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The Memory Keeper's Daughter is a brilliantly crafted novel of parallel lives, familial secrets, and the redemptive power of love. Kim Edwards's stunning novel begins on a winter night in 1964 in Lexington, Kentucky, when a blizzard forces Dr. David Henry to deliver his own twins. His son, born first, is perfectly healthy, but the doctor immediately recognizes that his daughter has Down syndrome. Rationalizing it as a need to protect Norah, his wife, he makes a split second decision that will alter all of their lives forever. He asks his nurse, Caroline, to take the baby away to an institution and never to reveal the secret. Instead, she disappears into another city to raise the child herself. So begins this beautifully told story that unfolds over a quarter of a century--in which these two families, ignorant of each other, are yet bound by the fateful decision made that winter night long ago. A family drama, The Memory Keeper's Daughter explores every mother's silent fear: What would happen if you lost your child and she grew up without you? It is also an astonishing tale of love and how the mysterious ties that hold a family together help us survive the heartache that occurs when long-buried secrets are finally uncovered.
Imbued with all the lyricism, compassion, and suspense of her bestselling novel, The Memory Keeper's Daughter, Kim Edwards's The Lake of Dreams is a powerful family drama and an unforgettable story of love lost and found. Lucy Jarrett is at a crossroads in her life, still haunted by her father's unresolved death a decade earlier. She returns to her hometown in Upstate New York, The Lake of Dreams, and, late one night, she cracks the lock of a window seat and discovers a collection of objects. They appear to be idle curiosities, but soon Lucy realizes that she has stumbled across a dark secret from her family's past, one that will radically change her--and the future of her family--forever. The Lake of Dreams will delight those who loved The Memory Keeper's Daughter, as well as fans of Anna Quindlen and Sue Miller.
With The Memory Keeper's Daughter, Kim Edwards touched hearts across the nation. In this, her first collection of stories-now with three new stories added-she explores the lives of those who exist on the fringes of society: a fire-eater, an American and his Korean war bride, Madame Curie's maid, and others. Though their tales vary dramatically, each comes up against the barriers of place and circumstance in the most universal of experiences: the quest to discover and understand the elusive mysteries of love. Transporting readers to exotic locations, this beautiful collection reinforces Edwards's presence as an extraordinarily gifted writer.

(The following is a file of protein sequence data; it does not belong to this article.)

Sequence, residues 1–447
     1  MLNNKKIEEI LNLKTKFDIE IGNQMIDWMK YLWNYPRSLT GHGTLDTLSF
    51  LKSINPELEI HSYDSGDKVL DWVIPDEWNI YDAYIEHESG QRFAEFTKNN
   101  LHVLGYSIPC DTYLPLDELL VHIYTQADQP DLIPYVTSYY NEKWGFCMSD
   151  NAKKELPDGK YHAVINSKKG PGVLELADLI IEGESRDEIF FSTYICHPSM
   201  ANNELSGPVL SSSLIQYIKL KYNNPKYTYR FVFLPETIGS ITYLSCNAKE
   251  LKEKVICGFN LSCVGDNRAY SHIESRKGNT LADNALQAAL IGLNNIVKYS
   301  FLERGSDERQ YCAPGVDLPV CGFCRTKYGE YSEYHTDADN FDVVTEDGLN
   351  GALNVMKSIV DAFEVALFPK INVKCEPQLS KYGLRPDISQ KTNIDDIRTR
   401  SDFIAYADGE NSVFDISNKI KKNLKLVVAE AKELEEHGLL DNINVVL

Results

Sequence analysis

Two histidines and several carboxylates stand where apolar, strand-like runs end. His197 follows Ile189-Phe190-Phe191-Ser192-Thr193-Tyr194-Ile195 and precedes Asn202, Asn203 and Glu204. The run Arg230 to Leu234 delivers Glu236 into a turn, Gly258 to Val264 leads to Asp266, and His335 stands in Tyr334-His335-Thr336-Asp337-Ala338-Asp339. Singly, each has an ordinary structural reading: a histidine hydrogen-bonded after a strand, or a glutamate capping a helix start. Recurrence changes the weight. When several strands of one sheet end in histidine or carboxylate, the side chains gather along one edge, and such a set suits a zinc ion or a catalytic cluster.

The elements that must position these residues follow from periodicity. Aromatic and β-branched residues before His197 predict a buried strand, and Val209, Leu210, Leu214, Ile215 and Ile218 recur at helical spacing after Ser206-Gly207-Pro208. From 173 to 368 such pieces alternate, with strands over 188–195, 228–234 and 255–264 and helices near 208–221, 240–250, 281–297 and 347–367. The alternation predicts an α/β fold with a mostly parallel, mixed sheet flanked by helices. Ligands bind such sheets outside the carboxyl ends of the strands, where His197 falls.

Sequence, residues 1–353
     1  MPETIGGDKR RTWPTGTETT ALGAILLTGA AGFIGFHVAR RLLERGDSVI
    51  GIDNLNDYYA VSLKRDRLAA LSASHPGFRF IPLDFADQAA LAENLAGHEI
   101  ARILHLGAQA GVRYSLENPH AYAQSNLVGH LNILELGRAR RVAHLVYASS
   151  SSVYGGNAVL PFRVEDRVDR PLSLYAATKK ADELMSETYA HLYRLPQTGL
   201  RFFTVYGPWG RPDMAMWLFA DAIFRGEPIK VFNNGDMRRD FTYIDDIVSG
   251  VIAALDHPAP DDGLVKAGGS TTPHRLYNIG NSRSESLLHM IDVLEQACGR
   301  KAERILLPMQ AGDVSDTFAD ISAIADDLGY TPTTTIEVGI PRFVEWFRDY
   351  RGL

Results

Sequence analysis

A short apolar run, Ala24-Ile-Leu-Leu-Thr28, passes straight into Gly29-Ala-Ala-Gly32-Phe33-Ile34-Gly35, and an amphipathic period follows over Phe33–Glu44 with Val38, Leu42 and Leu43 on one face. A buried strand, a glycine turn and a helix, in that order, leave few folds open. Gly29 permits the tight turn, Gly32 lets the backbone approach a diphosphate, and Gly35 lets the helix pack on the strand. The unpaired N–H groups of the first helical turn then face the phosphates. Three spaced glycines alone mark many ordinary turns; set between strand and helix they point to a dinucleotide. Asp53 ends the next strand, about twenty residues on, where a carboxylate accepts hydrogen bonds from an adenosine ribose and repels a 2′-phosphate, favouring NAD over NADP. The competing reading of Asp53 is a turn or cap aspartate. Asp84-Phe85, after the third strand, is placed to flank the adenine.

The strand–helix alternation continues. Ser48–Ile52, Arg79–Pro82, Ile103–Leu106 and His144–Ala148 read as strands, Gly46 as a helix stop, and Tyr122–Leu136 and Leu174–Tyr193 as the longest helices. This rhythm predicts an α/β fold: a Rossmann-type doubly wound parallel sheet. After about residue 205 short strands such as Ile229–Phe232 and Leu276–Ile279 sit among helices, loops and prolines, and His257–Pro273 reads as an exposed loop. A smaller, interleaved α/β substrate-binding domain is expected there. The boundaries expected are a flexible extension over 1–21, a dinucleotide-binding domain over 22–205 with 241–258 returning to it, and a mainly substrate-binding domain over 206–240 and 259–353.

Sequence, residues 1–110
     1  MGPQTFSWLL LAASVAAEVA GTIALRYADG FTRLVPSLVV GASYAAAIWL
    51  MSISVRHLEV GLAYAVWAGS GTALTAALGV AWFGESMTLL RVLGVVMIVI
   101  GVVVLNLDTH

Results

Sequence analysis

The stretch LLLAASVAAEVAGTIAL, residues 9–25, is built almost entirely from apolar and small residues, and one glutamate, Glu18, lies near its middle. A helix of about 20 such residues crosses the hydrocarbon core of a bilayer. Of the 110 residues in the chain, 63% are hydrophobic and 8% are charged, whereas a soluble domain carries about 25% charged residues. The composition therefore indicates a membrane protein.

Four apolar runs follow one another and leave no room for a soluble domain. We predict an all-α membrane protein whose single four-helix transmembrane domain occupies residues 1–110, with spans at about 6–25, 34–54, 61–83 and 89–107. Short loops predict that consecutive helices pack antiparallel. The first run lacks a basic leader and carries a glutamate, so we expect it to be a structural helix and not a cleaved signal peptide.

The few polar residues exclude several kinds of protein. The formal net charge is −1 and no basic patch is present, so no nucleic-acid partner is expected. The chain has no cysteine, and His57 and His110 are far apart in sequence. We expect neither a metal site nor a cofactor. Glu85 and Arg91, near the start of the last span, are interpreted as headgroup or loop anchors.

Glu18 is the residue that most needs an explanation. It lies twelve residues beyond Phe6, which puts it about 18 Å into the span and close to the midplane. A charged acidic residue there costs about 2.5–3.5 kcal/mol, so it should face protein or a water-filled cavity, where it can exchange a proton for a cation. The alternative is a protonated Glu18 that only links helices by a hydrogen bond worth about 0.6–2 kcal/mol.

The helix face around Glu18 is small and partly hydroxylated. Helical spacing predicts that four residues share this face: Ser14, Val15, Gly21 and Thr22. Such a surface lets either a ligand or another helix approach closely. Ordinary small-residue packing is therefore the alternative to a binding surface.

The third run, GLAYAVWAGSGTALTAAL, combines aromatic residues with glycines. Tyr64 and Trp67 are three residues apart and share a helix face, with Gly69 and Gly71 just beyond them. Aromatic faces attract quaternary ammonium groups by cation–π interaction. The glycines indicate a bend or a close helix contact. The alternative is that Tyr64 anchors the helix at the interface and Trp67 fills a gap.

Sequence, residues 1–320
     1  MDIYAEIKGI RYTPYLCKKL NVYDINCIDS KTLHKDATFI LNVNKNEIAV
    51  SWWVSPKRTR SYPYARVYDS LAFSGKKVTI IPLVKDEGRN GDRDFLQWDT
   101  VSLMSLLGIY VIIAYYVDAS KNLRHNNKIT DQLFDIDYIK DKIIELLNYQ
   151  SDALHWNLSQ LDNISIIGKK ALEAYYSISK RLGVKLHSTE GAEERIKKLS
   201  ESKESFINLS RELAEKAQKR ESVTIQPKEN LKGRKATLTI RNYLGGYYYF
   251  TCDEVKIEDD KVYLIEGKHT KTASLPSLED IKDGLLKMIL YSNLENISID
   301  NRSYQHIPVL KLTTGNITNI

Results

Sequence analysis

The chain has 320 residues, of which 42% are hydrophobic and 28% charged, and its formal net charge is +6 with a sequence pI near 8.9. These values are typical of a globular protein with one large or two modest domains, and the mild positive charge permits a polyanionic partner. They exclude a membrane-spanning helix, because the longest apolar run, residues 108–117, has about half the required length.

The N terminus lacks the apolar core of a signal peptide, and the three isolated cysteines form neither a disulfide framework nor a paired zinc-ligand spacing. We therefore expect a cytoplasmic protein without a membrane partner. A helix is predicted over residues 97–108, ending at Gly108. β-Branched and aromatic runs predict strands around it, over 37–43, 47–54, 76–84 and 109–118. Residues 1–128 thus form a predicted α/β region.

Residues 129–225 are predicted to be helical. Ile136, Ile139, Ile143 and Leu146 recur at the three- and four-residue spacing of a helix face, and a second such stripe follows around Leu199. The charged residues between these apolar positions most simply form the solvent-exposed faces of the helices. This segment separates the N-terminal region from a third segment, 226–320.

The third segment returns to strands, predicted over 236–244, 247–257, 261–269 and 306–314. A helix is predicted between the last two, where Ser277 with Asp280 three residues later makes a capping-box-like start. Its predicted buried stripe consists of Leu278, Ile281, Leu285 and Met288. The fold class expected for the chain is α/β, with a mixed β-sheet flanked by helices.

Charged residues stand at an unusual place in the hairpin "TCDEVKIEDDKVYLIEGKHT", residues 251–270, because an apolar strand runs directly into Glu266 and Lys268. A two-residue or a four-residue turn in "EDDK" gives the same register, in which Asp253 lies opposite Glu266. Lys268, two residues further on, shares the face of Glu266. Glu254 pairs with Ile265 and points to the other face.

Short Stories; 395 pages. Contents: Foreword -- Introduction / Louise Erdrich -- Playing with dynamite / John Updike -- The girl on the plane / Mary Gaitskill -- A real life / Alice Munro -- Silent passengers / Larry Woiwode -- Queen Wintergreen / Alice Fulton -- The man who rowed Christopher Columbus ashore / Harlan Ellison -- Poltergeists / Jane Shapiro -- Red moccasins / Susan Power -- I want to live! / Thom Jones -- Charlotte / Tony Early -- What the thunder said / Janet Peery -- Naked ladies / Antonya Nelson -- Man, woman and boy / Stephen Dixon -- Winter barley / Andrea Lee -- Concerning mold upon the skin, etc. / Joanna Scott -- Pray without ceasing / Wendell Berry -- Gold / Kim Edwards -- Great Barrier Reef / Diane Johnson -- Terrific mother / Lorrie Moore -- The important houses / Mary Gordon -- Contributors' notes -- 100 other distinguished stories of 1992 -- Editorial addresses of American and Canadian magazines publishing short stories.
Poems; 79 pages. covet (kúh-vit)v. tr.: to desire, esp. to desire eagerly, to wish for, long for. As in to covet another's belongings, the ghosts of households and fixtures, their voices or warnings. Ex: she coveted the fine table, the rich furnishings of her neighbor's home. As in to covet the past, a lost year, a lost life or one not lived. Ex: turning the photograph of her parents over in her hand, she imagined their happiness and coveted what might have been. As in to eagerly wish for the health, well-being of one for whom responsibility is given, or a child. Ex: she coveted, above all, happiness for her sons. Or, to want that (i.e. person) which one may not have, desire to possess another. Ex: thou shalt not covet.
Poems; 63 pages. As a writer of drama and short fiction, Edwards' first collection of poetry is influenced by the character sketches of her earlier prose works, while maintaining a strong sense of lyricism. Like her influences, Sharon Olds, Rainer Rilke, and Sylvia Plath, Edwards' poetry derives force from its candor and observational simplicity. A Kentucky native, Edwards continues in the tradition of great pastoral voices such as Robert Frost, drawing from his metaphorical, lyric and structural paradigms. Reading The Farmer's Daughter evokes fields of space, filled with light and soft shadows.